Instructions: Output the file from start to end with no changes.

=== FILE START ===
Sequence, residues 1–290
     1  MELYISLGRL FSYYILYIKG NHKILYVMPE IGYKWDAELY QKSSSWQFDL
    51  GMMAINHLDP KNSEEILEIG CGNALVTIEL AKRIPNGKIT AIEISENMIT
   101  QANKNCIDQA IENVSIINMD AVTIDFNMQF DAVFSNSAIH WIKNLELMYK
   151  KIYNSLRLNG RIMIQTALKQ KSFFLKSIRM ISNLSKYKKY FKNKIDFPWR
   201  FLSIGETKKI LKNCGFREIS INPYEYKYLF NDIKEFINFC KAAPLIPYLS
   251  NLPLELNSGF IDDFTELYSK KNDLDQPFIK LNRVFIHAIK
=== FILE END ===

Sequence, residues 1–290
     1  MELYISLGRL FSYYILYIKG NHKILYVMPE IGYKWDAELY QKSSSWQFDL
    51  GMMAINHLDP KNSEEILEIG CGNALVTIEL AKRIPNGKIT AIEISENMIT
   101  QANKNCIDQA IENVSIINMD AVTIDFNMQF DAVFSNSAIH WIKNLELMYK
   151  KIYNSLRLNG RIMIQTALKQ KSFFLKSIRM ISNLSKYKKY FKNKIDFPWR
   201  FLSIGETKKI LKNCGFREIS INPYEYKYLF NDIKEFINFC KAAPLIPYLS
   251  NLPLELNSGF IDDFTELYSK KNDLDQPFIK LNRVFIHAIK